Correlative Cryogenic Spectromicroscopy to Investigate Selenium Bioreduction Products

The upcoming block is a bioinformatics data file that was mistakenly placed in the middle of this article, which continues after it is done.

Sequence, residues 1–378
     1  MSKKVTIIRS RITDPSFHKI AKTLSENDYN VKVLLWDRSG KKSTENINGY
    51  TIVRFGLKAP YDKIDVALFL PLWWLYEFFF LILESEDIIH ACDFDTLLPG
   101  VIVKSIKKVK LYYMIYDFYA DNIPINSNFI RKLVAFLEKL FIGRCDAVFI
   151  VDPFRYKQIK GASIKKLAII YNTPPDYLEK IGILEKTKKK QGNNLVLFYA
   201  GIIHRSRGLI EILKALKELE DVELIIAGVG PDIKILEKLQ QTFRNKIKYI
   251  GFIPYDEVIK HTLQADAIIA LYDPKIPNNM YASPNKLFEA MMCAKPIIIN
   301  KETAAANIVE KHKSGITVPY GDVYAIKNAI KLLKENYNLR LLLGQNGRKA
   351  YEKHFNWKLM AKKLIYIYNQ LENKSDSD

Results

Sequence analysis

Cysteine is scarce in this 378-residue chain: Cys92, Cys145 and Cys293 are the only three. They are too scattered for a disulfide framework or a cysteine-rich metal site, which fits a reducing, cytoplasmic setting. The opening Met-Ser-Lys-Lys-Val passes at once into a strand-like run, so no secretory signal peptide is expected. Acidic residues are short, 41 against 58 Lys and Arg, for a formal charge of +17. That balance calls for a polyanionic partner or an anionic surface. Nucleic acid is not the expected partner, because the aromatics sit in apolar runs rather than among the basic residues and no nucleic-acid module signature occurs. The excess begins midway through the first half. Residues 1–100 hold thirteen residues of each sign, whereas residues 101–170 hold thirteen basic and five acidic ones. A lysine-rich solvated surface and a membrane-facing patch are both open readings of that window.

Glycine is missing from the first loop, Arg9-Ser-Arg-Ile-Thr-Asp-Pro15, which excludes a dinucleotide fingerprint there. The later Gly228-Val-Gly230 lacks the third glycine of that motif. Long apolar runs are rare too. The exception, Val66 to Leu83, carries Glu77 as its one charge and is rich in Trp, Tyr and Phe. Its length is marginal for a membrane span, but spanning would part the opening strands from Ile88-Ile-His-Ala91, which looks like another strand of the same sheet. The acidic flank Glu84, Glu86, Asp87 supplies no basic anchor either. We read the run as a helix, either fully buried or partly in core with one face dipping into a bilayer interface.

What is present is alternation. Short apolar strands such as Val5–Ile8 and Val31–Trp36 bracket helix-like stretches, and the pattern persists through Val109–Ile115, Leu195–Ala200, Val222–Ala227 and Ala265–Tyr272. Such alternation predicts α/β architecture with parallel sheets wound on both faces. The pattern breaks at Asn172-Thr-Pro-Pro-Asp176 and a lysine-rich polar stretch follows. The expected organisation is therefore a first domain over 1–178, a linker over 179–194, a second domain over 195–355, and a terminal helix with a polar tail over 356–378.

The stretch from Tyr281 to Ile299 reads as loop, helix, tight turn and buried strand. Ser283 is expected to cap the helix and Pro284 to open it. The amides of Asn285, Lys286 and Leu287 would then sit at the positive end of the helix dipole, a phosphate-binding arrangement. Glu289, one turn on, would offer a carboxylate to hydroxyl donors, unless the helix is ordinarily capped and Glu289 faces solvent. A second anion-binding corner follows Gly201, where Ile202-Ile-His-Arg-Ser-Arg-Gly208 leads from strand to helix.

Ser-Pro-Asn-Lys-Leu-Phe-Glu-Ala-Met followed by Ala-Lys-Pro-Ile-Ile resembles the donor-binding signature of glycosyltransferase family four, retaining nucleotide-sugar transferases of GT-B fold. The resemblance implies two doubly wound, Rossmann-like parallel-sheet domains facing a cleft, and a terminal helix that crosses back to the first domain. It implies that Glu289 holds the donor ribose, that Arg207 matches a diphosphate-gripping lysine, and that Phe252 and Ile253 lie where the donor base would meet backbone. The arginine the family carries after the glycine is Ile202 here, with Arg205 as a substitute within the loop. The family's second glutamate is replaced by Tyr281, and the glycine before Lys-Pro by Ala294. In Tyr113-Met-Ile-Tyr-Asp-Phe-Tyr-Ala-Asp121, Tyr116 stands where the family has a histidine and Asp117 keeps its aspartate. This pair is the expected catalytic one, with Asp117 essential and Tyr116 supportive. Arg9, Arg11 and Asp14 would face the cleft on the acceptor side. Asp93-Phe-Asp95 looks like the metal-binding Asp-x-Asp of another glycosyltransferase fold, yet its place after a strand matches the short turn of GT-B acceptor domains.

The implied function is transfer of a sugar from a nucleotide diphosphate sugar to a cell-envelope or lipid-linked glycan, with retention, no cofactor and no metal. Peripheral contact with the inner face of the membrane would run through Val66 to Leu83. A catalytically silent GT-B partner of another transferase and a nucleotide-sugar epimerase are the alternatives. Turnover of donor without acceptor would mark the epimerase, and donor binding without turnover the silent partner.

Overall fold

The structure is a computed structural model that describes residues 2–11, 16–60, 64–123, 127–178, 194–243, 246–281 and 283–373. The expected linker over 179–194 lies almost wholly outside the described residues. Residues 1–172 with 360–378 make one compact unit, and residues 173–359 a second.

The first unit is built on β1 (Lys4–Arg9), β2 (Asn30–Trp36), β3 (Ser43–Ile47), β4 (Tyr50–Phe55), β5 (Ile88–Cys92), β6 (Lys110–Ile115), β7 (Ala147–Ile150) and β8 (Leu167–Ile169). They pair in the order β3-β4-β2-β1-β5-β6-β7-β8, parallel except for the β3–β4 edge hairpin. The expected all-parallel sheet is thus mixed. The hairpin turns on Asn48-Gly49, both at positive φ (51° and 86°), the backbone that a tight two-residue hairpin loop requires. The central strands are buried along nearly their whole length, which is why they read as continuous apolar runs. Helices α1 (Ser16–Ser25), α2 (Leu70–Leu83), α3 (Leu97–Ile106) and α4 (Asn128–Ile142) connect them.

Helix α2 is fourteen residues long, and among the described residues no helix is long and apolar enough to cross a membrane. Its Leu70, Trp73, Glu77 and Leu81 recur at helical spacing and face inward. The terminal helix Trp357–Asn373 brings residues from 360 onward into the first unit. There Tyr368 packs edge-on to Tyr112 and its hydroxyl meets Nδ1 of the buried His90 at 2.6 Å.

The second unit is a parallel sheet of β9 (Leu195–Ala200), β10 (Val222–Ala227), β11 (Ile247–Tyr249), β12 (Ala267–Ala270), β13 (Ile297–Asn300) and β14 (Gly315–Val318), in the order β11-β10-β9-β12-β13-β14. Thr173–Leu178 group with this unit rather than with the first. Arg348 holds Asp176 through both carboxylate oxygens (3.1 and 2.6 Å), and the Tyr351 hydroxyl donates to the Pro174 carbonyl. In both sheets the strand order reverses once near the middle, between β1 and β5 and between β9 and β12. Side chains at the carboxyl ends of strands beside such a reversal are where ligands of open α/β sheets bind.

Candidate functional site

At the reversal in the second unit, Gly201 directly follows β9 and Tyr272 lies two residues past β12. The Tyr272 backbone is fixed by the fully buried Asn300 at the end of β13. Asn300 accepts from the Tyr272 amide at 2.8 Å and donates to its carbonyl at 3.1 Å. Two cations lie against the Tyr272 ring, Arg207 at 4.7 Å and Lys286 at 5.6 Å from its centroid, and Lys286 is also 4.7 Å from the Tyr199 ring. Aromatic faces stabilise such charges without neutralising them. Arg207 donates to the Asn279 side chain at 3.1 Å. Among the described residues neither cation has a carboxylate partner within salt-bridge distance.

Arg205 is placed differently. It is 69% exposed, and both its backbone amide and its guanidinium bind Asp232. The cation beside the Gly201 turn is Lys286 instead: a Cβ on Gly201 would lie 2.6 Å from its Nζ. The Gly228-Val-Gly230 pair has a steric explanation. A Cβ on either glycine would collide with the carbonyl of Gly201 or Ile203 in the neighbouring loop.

Accurate mapping of the composition and structure of minerals and associated biological materials is critical in geomicrobiology and environmental research. Here, we have developed an apparatus that allows the correlation of cryogenic transmission electron microscopy (cryo-TEM) and synchrotron hard X-ray microprobe (SHXM) data sets to precisely determine the distribution, valence state, and structure of selenium in biofilms sampled from a contaminated aquifer near Rifle, CO. Results were replicated in the laboratory via anaerobic selenate-reducing enrichment cultures. 16S rRNA analyses of field-derived biofilm indicated the dominance of Betaproteobacteria from the Comamonadaceae family and uncultivated members of the Simplicispira genus. The major product in field and culture-derived biofilms is ∼25–300 nm red amorphous Se0 aggregates of colloidal nanoparticles. Correlative analyses of the cultures provided direct evidence for the microbial dissimilatory reduction of Se­(VI) to Se­(IV) to Se0. Extended X-ray absorption fine-structure spectroscopy showed red amorphous Se0 with a first shell Se–Se interatomic distance of 2.339 ± 0.003 Å. Complementary scanning transmission X-ray microscopy revealed that these aggregates are strongly associated with a protein-rich biofilm matrix. These findings have important implications for predicting the stability and mobility of Se bioremediation products and understanding of Se biogeochemical cycling. The approach, involving the correlation of cryo-SHXM and cryo-TEM data sets from the same specimen area, is broadly applicable to biological and environmental samples.